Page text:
ALBUQUERQUE, N.M. — Scientists say hydrogen fuel cells could power anything that uses batteries, from cell phones to school buses. Fuel-cell powered cars are already on roads around the world, propelling commuters while producing zero emissions.
But our hydrogen-powered future is still years away, in part because hydrogen fuel cells need platinum to function, and platinum isn’t cheap.
“The challenge is the cost is still too high,” said Piotr Zelenay, a scientist at Los Alamos National Laboratory. “Fuel cells are expensive right now, so there’s no mass production.”
In a paper published this week in the international journal Science, Zelenay and two other LANL researchers, Gang Wu and Christina Johnston, joined by Karren More of Oak Ridge National Laboratory, describe a platinum-free catalyst for fuel cells that could hasten the power source’s breakthrough into the mainstream.
Practically every major car manufacturer in the world is working on fuel cell engines, whose process of turning the chemical energy in hydrogen into power is much more efficient than in gasoline engines. Fuel cells also give off water as waste, rather than any greenhouse gas like carbon dioxide.
Hydrogen fuel cell cars can’t be bought by the masses yet, but prototypes are cruising the streets in California, where there are four hydrogen fueling stations in and around Los Angeles that work something like your local Conoco or Giant stations, dispensing liquid hydrogen instead of gasoline.
“Fuel cells convert fuels to electricity continually,” Zelenay said. “You don’t recharge a fuel cell as long as you don’t run out of fuel.”
In cars, he said, a fuel cell combines with a battery that can hold power for longer drives.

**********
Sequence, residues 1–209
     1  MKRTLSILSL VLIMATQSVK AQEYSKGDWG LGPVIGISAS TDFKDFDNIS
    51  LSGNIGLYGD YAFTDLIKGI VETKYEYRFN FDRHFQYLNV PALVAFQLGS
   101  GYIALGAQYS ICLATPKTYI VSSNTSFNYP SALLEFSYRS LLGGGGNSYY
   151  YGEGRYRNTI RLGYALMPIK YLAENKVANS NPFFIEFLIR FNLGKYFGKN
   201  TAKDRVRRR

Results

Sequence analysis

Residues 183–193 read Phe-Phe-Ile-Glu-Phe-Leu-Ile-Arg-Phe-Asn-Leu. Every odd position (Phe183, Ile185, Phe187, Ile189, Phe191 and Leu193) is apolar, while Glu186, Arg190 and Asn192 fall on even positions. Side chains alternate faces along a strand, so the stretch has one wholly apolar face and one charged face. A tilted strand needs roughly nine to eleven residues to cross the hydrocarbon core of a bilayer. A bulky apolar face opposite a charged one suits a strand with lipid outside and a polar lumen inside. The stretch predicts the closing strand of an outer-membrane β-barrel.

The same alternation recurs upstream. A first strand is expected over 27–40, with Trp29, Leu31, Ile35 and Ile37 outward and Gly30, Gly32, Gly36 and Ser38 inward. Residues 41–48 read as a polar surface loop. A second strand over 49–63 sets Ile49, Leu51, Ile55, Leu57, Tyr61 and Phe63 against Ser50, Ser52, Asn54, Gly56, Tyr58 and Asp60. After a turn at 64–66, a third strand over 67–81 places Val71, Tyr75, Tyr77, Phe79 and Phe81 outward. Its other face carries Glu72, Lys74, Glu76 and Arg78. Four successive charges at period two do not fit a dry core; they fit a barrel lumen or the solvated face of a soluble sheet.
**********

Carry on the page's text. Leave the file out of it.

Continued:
The carmaker Honda, Zelenay said, appears closest to commercial development. According to Honda’s website, about 200 of the company’s FXC Clarity models will be leased over the next three years (at $600 a month for three years), “primarily in Southern California.”
Zelenay first drove a fuel cell car in the late 1990s, he said. Since then, the technology has been “refined.” But the cost of platinum has been a hitch. A quarter of the cost to build a fuel-cell system goes toward the platinum, Zelenay said.
Platinum is part of the catalyst in a fuel cell, which separates hydrogen molecules into protons and neutrons at the beginning of a process that incorporates a stream of negatively charged electrons to make power. (Oxygen combines with hydrogen in the fuel cell to create the water that is the waste product.)
Platinum is valued at about $1,800 per ounce, more than gold. If demand for the metal increased because more catalysts were needed for hydrogen fuel cells, that price could climb even higher.
But the LANL team doesn’t use any precious metals in its catalyst. They instead use carbon, iron and cobalt, whose cost relative to platinum is “negligible,” Zelenay said.
“This is the technology that electric cars have to use to be fully practical,” he said. “It (fuel cell technology) is developed, but the cost needs to be lowered.”
The LANL team has tested its platinum-free catalyst in fuel cells, Zelenay said, but not in fuel cell stacks. Fuel cells individually don’t produce much electricity; what we more commonly hear of as fuel cells — like in cars — are actually stacks of several cells.
Working at “laboratory scale,” this group of scientists hasn’t yet produced enough cells for an electrical system. But, Zelenay said, “the process is simple. The scale problem shouldn’t be an issue.”
Much of the funding for the project came from the U.S. Department of Energy’s Energy Efficiency and Renewable Energy Office. The federal government has been the chief sponsor of fuel-cell research “for many years now,” Zelenay said.
“The primary driver for the government to fund this is energy security, as well as political reasons and gas emissions,” Zelenay said.
The next step for the research team is improving the stability of the catalyst. The nonplutonium fuel cells have held up well in laboratory experiments, Zelenay said, but there’s still work to be done.
And the clock’s ticking.
“It’s always a competition,” Zelenay said. “If you look around, you’ll know how strong automotive manufacturing is in countries like Japan. … They highlight the fact that they’re on path to commercialization soon.”